A Journey Of Possibilities – How I became a Scrum Master

Many people have asked me how I became a Scrum Master without any certifications so I decided to write about it. I hope this helps someone 🙂

When I moved to Toronto in May 2016 to study project management, I did not know anything about Agile or Scrum. Since I was also new to the country, I wanted to experience first-hand, how the Canadian job market looked like for project management professionals, so I began attending project management related events and meetups. One such meetup was AgileTO where I heard about Agile and Scrum for the first time. I began realizing that I liked it more than traditional project management (which I was studying in college) so I decided to start volunteering for that meetup and Gillian Lee (who was one of the organizers back then) gladly accommodated my request from the next meetup.

So it began…A Journey of Possibilities.

A couple of meetups later, I was eager to try the role of a Facilitator (one of the skills of a Scrum Master) for the breakout sessions, and I was given a chance to do it from the following meetup. It became evident to me by then that I was a part of a very supportive community that encouraged continuous learning. As time passed, I became friends with the other volunteers, people who are experienced Agilists and who love giving back to the local Agile Community even to this day.

Some may say what I did was networking, which is right. I also made many mistakes initially while trying to network which I am going to save for a later post 😉 A simple google search tells us that, “Networking is the act of interacting with other people to exchange information and develop contacts, especially to further one’s career.” While I agree with the definition, I think it furthers more than just our careers. It also helps improve our knowledge, social skills, and most importantly our people skills. As you read about me so far, while I was networking and volunteering my time, I was not just learning during these meetups but also from the personal experiences of all those people, my friends 🙂

Then came along Joanne Stone who is an Agile Coach by profession. In April 2017, during Toronto Agile Community‘s Open Space, she proposed a mentorship group for Scrum Masters and anyone could be a part of it, the newer you were to the profession, the better. I jumped at the idea, and soon enough in June 2017, I was inducted in the first of its kind mentorship group for Scrum Masters in Toronto. By the way, I was still studying then, so it meant the world to me (Thanks Joanne). We created our Learning Backlog, and over the course of six months, we learned about Agile Values and Principles, Scrum values along with its framework, had a mini coaching session by Shahin Sheidaei and, this is where I also ran my first Retrospective Session. In August 2017, one of my volunteer friends, Sunny Dhillon helped me get a co-op as a Scrum Master (even though I did not have the CSM certification) and the same company extended my contract after I got my work permit.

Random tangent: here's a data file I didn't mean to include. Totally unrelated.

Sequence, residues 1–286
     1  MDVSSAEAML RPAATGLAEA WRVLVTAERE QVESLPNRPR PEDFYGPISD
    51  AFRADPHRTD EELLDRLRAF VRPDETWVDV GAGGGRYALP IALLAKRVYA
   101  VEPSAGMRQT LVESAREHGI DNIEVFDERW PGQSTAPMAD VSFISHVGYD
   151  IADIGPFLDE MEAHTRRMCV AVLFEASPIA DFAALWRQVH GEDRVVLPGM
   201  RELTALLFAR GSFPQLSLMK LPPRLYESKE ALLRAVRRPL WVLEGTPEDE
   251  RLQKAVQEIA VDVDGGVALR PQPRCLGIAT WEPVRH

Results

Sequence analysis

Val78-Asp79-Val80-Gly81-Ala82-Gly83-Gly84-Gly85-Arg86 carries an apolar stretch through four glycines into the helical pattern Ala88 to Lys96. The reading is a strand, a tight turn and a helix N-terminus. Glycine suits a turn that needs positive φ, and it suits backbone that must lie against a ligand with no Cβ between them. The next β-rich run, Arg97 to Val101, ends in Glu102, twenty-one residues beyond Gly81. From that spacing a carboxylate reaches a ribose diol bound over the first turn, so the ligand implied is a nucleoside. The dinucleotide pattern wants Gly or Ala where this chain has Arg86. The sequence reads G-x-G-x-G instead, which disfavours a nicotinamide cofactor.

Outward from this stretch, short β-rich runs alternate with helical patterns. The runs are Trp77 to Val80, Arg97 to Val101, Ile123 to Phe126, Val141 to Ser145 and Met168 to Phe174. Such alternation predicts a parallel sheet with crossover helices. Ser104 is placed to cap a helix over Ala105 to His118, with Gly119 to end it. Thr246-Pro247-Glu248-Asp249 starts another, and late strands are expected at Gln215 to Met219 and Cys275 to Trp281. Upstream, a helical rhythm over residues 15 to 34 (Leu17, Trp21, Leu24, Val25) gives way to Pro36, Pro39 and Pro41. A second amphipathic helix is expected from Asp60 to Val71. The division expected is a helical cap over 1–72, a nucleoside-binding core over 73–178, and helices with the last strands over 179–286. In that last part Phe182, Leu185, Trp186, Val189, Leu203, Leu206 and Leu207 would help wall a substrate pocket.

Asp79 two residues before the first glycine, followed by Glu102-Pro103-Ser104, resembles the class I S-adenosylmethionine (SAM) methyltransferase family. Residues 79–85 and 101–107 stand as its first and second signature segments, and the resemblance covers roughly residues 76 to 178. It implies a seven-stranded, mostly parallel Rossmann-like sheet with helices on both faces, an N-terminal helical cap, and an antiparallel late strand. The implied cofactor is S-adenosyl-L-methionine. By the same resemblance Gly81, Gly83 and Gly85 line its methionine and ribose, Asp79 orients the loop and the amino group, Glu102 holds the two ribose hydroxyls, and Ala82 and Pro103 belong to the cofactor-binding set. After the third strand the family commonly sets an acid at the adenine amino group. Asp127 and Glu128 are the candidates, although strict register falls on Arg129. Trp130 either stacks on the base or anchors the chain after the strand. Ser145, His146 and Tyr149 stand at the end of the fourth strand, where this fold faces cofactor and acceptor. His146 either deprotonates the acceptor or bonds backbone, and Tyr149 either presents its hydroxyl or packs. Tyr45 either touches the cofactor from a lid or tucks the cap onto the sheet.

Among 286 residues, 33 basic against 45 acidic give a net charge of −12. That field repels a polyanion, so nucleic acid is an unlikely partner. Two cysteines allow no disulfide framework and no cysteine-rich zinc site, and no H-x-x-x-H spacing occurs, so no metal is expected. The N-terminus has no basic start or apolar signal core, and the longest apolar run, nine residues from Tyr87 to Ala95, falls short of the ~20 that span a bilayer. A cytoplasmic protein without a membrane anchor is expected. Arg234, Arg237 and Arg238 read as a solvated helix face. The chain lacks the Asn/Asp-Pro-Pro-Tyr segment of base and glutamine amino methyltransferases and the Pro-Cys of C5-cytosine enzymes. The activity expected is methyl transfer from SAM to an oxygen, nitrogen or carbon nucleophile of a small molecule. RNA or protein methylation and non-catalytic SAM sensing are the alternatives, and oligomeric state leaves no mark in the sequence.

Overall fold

What am I trying to tell you?

People talk about getting lucky breaks in their careers. I am living proof that the ‘lucky breaks’ theory is simply wrong. We get to make our luck. It is not about whom we know, what’s even more important is who knows us. How do we get to a place where people start knowing us and also recommending/referring us to their peers or bosses? There is a quote I used by Steve Blank in my Valedictory Speech during my convocation ceremony in January 2018,

The world is run by those who Show Up, not those who wait to be asked

When I moved to Toronto in May 2016, I had 16 months before my co-op term. I had financial commitments (international students pay three times the tuition of a local student) so I could have easily made a couple of hundred bucks more or, just slept-in but instead, I decided to Show Up, which made all the difference. While reading about French Immersion, it occurred to me that I took a similar approach in my journey to become a Scrum Master. I immersed myself in the Agile community here in Toronto and that is why I call myself “A Student of Agile Immersion.”

In retrospect,

  • Show Up
  • Immerse yourself in the local Agile Community through volunteering
  • Network to build long-term relationships, not just for a job/career change.

To all my mentors and friends from the Toronto Agile Community, thank you for investing in my life!

PS – I am not against any certifications, I didn’t have to get one, yet 😉

PPS – I did get my CSM in May 2018 because I am job hunting and most organizations now require us to have a certification.

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